I learned to sew at school, and although I don't do nearly as much these days, I have sewn many things over the years. I am a stickler for using the correct methods and was mortified when I couldn't remember how to stitch a bound buttonhole. I needed to have a couple of buttonholes for the drawstring to keep the pants up. The internet to the rescue ... but I wish I still had the text book we used at school. I think mine must've fallen to bits because I can't find it anywhere.
For years I used an old Singer sewing machine that had belonged to my grandmother and then passed to my aunt who passed it to me. This machine had a personality and it was a difficult personality! Nevertheless, I loved my Singer and it was useful because where we lived in the Zambezi Valley there was no electricity. When we moved to the farm near Salisbury I borrowed my mother's Singer and that was equally difficult to work with! As a child I used to sit under the table when she was sewing and push the foot switch for her until the dreadful day when I pushed too early and the needle went through her finger nail. I can't remember how she freed herself and the pain must've been excruciating.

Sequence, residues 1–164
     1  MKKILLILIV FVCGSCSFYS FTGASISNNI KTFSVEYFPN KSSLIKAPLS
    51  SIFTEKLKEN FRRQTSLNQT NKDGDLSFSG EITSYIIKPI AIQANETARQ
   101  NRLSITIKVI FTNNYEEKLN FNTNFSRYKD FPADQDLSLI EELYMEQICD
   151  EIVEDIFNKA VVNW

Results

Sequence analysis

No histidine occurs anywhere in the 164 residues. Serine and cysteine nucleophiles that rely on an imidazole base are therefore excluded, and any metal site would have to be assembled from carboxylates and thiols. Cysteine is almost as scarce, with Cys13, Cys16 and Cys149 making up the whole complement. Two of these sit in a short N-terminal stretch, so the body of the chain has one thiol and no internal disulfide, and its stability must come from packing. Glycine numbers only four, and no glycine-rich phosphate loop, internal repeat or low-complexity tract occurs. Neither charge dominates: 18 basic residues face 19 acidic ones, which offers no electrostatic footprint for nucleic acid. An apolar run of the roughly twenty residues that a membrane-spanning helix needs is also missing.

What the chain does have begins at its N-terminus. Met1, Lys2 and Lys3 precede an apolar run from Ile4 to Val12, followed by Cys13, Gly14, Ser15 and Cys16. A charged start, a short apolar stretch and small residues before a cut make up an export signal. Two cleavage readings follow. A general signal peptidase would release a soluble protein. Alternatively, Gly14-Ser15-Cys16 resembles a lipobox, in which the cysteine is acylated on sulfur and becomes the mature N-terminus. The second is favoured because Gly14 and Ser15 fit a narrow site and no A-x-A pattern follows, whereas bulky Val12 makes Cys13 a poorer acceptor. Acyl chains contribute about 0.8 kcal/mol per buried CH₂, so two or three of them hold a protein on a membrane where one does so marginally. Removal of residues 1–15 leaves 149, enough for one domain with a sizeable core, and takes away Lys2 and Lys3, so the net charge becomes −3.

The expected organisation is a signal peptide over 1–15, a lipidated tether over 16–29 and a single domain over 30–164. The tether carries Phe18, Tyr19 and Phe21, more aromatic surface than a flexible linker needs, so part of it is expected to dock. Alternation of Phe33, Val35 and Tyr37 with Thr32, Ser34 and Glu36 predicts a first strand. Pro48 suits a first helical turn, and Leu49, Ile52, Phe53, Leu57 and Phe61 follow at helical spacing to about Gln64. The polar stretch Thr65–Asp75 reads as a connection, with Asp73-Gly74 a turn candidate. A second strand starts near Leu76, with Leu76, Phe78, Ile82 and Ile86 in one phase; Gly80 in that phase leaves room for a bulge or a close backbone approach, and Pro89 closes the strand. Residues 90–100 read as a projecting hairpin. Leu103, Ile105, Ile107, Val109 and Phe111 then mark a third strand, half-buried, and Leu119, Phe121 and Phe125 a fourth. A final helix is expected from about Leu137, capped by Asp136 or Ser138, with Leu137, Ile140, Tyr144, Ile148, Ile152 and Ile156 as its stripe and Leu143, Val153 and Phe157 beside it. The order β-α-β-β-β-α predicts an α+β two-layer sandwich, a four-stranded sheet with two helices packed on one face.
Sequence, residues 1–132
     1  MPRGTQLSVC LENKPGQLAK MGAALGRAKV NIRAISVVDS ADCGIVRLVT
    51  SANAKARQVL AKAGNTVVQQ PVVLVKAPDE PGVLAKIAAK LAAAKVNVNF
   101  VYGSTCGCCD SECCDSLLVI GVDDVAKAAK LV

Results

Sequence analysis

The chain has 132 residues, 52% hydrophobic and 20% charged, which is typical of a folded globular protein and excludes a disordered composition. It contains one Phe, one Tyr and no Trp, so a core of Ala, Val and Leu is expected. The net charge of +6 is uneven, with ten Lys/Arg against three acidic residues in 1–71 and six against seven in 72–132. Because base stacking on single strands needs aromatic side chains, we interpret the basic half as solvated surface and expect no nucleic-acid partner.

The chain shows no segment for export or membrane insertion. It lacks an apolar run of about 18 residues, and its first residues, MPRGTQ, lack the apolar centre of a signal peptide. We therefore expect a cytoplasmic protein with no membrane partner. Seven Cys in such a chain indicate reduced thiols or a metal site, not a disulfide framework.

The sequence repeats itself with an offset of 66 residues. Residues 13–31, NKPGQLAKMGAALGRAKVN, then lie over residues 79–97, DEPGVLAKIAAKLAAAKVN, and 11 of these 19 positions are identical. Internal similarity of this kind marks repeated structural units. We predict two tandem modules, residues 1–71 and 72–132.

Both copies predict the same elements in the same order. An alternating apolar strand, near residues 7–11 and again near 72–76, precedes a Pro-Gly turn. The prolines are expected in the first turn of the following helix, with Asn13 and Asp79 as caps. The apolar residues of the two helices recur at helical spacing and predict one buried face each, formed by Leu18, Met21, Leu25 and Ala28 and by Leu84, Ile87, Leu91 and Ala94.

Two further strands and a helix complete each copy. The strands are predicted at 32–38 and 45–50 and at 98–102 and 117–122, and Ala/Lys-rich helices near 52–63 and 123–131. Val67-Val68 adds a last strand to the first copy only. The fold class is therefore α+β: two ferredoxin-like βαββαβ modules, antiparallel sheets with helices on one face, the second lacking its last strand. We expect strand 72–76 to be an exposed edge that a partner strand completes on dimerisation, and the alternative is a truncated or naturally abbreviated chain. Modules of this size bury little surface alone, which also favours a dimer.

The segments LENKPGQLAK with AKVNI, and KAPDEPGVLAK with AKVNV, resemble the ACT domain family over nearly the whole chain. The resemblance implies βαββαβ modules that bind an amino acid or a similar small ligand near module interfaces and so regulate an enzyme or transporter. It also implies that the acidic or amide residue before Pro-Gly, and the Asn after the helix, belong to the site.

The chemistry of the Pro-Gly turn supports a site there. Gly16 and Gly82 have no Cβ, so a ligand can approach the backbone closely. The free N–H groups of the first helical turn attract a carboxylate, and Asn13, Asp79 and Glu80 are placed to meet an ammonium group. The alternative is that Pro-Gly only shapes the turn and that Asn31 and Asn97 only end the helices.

My sewing machine now is an Elna Lotus* and it is about 43 years old. I bought it soon after the model was released. There was a demonstration model at the Royal Salisbury Show in (I think) 1968 and I fell in love with it. Of course, in those days, before credit cards and so on, I had to save for it and each month I'd take my £5 to the shop until I had paid off the required £50 or 60. The price included some lessons on the machine and I was eager to learn all about how to use my gorgeous purchase.
For my little girl I stitched dresses for her, pajamas, hats and dungarees. I sewed dresses for my mother and a suit for my sister. I sewed culottes (very fashionable in those days) for myself with a matching lined jacket. Curtains, cushion covers and whatever else was needed could be produced on the Elna Lotus.
*1968 Lotus - a truly innovative concept. The first compact household sewing machine due to its reduced size and weight. The protection flaps replaced the carrying case and formed a sewing table when opened. The accessory case was built into the top of the machine. Selected by the Museum of Modern Art in New York for its "Design Collection".